For Catalogue of Unsolved Crimes, former graffiti legend MELLIE recalls dozens of ridiculous, reckless, totally illegal and sometimes hard to believe adventures in Europe’s train yards and metro tunnels. From his early days in hometown Utrecht at the dawn of the 1990s, MELLIE’s spray-painted name drove transportation companies to madness for the better part of a decade. The name of his MSN crew explained the modus operandi succinctly: Maniakken Stoppen Nooit (‘maniacs never stop’). Catalogue of Unsolved Crimes, containing many contemporary photographs of MELLIE’s pieces, is the first memoir of its kind and serves up vicarious thrills a mile a minute.

Did you have to wait to write this book until the statute of limitations for all of your various crimes had passed?

My friends and I always tried to keep our names and faces under the radar. I don’t think we could have published something like this twenty-five years ago. We talked to a lawyer, there is a limitation period which is now long overdue. They are not serious offences, it’s all very relative. Polluting the earth is a crime, lab testing on animals, migrant pushbacks on sea are crimes. We’re talking about layers of paint that have been applied to a surface without permission. I can imagine that some of my stories are pretty intense to some people though, because we went to great lengths to accomplish our missions. It was a cat-and-mouse game with the police, which was another thing that made it all so appealing.But why and how?

There’s a lot of conservation going on in graffiti, street art and hip-hop in general and I think we have something of interest to add. Fortunately, there is a large community of people who collect photos of graffiti. So I was able to find an awful lot of material that I didn’t have myself. Some kept pictures in shoeboxes in their attic that had not been touched for years. The pictures we took ourselves often turned out to be fucked up. Sometimes you couldn’t make a photo, but some guy in another part of the country would catch it later without you even knowing about it. Photographs have always been important, because a piece could be cleaned up within 24 hours. I spent three years trying to pull together all the images for the book before I started writing it, and asking other people to write something. They have helped me with their recollections. It’s crazy to be thinking about all this again more or less thirty years later. On the one hand, it’s all very cool. On the other hand, I sometimes thought to myself, my god, what the hell was I doing? Graffiti is very much something you don’t do alone.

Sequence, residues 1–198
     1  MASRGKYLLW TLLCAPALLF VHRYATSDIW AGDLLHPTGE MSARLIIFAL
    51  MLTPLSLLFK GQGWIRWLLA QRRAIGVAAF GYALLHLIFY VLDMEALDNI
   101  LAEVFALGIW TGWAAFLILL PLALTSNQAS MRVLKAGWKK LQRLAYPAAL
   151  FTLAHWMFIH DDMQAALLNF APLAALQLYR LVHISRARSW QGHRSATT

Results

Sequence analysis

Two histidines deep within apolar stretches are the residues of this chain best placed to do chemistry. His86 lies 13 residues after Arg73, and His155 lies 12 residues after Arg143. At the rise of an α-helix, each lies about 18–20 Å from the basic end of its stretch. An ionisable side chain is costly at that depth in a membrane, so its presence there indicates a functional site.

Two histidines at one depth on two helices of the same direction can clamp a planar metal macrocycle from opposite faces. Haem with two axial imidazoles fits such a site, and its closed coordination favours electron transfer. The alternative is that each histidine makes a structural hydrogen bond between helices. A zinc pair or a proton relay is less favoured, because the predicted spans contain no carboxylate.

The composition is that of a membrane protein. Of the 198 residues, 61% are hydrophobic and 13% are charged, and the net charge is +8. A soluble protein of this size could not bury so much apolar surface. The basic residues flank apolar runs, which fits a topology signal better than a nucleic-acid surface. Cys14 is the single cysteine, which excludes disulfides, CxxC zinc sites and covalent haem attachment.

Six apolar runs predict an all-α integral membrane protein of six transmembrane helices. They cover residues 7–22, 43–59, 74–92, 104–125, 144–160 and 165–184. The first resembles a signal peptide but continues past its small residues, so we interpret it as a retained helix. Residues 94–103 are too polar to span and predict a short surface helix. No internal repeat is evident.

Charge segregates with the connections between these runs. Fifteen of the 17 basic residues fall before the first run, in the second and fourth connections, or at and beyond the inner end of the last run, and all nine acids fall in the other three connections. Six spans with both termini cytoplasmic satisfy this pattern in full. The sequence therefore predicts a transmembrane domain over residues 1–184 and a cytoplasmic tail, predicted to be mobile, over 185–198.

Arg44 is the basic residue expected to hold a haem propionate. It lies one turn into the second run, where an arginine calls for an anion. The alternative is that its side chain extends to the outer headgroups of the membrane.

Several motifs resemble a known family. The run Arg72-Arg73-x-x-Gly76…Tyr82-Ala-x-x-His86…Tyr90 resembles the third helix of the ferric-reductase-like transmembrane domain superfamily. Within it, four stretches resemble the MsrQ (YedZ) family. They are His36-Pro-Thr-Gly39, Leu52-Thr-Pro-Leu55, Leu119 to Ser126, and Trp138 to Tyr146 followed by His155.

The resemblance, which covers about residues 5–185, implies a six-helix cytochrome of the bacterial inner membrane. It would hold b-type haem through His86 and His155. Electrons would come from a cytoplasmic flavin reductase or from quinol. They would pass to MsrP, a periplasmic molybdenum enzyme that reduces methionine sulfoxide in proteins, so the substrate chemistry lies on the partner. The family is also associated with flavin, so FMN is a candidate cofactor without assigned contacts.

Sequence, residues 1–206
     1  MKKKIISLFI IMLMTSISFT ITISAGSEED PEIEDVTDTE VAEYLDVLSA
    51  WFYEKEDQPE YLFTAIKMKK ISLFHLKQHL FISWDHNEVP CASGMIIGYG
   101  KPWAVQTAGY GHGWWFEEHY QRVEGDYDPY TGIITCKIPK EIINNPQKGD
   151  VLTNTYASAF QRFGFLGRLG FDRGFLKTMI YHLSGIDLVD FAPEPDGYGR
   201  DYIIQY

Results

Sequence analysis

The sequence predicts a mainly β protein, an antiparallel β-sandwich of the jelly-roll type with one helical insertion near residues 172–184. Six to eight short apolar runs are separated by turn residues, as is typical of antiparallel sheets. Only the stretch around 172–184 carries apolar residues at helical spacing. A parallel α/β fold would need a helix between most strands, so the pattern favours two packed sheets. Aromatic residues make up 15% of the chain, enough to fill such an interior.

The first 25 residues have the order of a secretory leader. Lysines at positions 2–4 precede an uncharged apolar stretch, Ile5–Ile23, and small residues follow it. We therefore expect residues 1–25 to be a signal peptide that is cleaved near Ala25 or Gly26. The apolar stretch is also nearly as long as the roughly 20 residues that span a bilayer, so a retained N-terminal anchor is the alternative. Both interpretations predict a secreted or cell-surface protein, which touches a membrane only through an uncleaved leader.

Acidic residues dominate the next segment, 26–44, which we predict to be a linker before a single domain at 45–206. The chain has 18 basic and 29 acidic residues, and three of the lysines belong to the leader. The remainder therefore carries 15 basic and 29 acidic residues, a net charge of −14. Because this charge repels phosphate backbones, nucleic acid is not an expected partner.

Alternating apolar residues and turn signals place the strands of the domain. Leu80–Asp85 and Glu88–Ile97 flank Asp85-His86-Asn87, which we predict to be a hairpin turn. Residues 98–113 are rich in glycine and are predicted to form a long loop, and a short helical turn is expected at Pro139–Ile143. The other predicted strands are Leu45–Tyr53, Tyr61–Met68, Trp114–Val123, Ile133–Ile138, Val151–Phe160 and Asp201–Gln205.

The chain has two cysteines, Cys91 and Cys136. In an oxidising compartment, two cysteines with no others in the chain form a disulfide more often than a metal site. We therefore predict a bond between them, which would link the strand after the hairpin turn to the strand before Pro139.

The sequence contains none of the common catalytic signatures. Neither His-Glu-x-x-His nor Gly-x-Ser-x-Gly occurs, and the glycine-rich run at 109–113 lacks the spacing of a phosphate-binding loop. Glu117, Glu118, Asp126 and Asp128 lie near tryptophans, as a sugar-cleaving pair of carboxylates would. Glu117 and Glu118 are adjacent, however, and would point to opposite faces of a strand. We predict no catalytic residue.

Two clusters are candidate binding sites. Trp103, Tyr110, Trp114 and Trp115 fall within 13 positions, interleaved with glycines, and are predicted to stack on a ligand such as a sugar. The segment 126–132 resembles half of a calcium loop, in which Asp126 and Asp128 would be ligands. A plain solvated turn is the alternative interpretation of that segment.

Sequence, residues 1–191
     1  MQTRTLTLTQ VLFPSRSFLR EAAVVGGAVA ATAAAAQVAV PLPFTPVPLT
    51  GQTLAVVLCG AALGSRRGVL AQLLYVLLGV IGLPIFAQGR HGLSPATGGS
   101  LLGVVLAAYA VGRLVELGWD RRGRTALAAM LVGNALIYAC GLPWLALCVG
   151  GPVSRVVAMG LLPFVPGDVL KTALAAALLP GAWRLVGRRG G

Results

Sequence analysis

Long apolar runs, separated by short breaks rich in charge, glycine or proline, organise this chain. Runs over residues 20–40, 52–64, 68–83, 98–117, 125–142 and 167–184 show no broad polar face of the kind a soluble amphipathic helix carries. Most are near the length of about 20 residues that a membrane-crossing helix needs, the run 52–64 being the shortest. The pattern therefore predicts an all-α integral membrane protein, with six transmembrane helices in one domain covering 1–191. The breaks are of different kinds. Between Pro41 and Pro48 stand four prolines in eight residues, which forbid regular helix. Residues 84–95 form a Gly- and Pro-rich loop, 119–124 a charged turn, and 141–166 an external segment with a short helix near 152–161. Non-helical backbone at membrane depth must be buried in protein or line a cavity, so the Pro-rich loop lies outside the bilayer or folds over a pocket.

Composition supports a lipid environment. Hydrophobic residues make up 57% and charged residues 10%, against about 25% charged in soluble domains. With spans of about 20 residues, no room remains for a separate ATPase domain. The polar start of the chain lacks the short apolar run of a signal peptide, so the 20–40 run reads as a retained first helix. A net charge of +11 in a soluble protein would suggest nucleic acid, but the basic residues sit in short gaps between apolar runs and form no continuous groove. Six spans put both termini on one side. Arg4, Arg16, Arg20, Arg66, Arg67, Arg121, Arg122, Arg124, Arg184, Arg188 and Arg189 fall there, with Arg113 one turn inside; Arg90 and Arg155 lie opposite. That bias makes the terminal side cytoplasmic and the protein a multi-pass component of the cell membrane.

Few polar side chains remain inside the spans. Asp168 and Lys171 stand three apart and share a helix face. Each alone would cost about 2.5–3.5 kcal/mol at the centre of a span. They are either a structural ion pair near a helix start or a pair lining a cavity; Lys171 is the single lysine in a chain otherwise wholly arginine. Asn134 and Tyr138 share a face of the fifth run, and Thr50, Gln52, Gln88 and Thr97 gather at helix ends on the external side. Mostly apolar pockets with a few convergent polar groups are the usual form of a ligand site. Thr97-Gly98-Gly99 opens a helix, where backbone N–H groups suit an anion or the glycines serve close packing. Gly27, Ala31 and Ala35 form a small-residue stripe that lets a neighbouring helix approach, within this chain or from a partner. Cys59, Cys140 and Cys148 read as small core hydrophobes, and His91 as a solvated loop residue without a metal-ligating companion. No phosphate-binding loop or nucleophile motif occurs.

It’s not strange for a teenager to be fascinated by something like graffiti art. The mysterious pseudonyms, secret crews and clandestine nature have an obvious appeal. But you took it several steps further than most people. We can safely call it a years-long obsession.

Yes, I remember most of my classmates in school were into rave music and football. I never gave a fuck about having a social life outside of graffiti. When there was an important game on TV, REAZE and I would hit the yards, because you knew that security was watching it too. It was all about getting up 24/7. We achieved a certain status, you could say, and it’s one I can still trade on.

Why did you take it so far?

In the late 1980s, when I was a teenager, the train bombing movement just exploded. By the time the Amsterdam public transportation company stopped buffing the subways, many first generation graffiti heroes had stopped, or were slowing down. There was a gap for me to fill. Painting trains was easy; we didn’t have enough paint and time to do more. I felt like I should take advantage and go the whole hog. One action wasn’t enough. It just went on and on. You were always plotting the next action. We lived outside of normal society. I don't think I sought that out consciously, but of course it has a certain appeal. I wouldn't be so quick to do some stuff now. But at the time, it was... just logical. It was a necessity. And of course I was also being young and naive. I didn’t care about getting a job or going to school.